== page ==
The question of “What is the purpose of work?” is really relevant for me right now, since I recently quit my job. And it’s probably worth it for all of us to think about how we would ideally make a living for ourselves, and if we should choose our work based on money, happiness, fun, helping people, purpose, or social status?
I was watching this YouTube video by Ali Abdaal of him talking about leaving medicine forever, and was captivated by his introduction talk about the purpose of work. He listed five purposes for work which are:
- Helping People
- Social Status
I’d say that I fully agree that these are the purpose of work.
Let’s go into them all a bit further, and explore some ideas around them.
We need money to survive. And we get money from working. So, it’s not a secret to anyone that one of the biggest purposes of work is to earn money so that we can continue living.
All the other purposes of working (having fun, helping people, feeling purpose and meaning, social status) can come from other sources than working. You can volunteer to help people, go and do fun things outside of work, and create and do meaningful things without earning any money from it.
However, one interesting idea here to think about is that many people who are financially independent (who don’t need to work to survive), still choose to work. So, clearly, even though we can get the other purposes of work from outside of work, it may for a variety of reasons be easier to combine them into work.
One reason for that is probably because work is such an integrated part of modern society and the normal lifestyle. It may be hard to be fully integrated into society and with other humans if we live too different lives. By working, even if we don’t need to earn more money, we conform to society’s norms, other people see us as one of them, we are not outside of society. We can talk about our work at parties or other social gatherings, we can relate to common topics other working people are discussing.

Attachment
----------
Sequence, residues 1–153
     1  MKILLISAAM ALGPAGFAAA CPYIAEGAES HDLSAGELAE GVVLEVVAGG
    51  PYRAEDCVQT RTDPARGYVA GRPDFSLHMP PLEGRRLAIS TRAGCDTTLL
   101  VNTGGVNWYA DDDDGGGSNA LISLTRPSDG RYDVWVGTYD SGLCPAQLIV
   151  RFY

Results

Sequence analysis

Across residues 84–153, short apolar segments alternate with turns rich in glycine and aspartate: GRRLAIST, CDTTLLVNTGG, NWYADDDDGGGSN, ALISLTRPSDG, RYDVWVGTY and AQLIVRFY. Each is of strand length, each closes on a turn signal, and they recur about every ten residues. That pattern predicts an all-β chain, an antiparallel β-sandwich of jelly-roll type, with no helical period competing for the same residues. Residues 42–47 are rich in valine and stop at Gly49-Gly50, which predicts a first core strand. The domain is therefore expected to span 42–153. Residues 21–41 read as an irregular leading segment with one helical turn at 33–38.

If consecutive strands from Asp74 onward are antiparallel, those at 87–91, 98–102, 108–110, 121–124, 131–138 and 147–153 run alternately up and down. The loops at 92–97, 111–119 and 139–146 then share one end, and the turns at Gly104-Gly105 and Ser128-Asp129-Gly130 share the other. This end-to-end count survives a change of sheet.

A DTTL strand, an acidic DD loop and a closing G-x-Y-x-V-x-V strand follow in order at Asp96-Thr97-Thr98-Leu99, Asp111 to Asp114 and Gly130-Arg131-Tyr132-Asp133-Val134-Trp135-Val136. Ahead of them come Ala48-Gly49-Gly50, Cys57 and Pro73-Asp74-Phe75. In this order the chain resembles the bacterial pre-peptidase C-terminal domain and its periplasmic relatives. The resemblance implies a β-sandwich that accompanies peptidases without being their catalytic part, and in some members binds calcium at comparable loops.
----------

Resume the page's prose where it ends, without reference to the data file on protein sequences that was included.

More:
Some people experience intrinsic fun and enjoyment from their work. For example, if you work as a graphic designer and love to design things, or if you work with flower arrangements and you really love putting together flowers, or if you work as a researcher and love the intellectual challenge and learning new things.
We may also have fun while working because of the social contact and jokes we tell with our colleagues. If we have friends at work, laugh a lot, and have fun together while working, then of course work will give us enjoyment. And there’s also this feeling of working together with others to create something that we can be proud of that can give us a sense of enjoyment.
There’s also this thing with having something to fill up your time with. Many people get restless from not working. Whether it be a long time voluntary or involuntarily unemployed, going into retirement, or a very long vacation. And even if we have hobbies or enjoy watching Netflix, most people don’t find it very enjoyable to “have to” do their hobbies for 10 hours a day, or watch Netflix for 10 hours a day, every day. At least not after a few weeks.
So, work can also be fun in the sense that it helps us kill time, and occupy ourselves.
3. Helping people
Another common purpose of work is the personal satisfaction one gets from the feeling of helping other people. We enjoy feeling like we are good people, who do kind and good things, which puts us in a better light. And the reason for such values can be both evolutionary (altruism in groups helps humans survive better) or an effect of current societal ideologies.
But then there’s also the question of if we are helping the maximum number of people as we possibly could, with the work we are doing? Or is there a more impactful way we could spend our time, resulting in even more people being helped?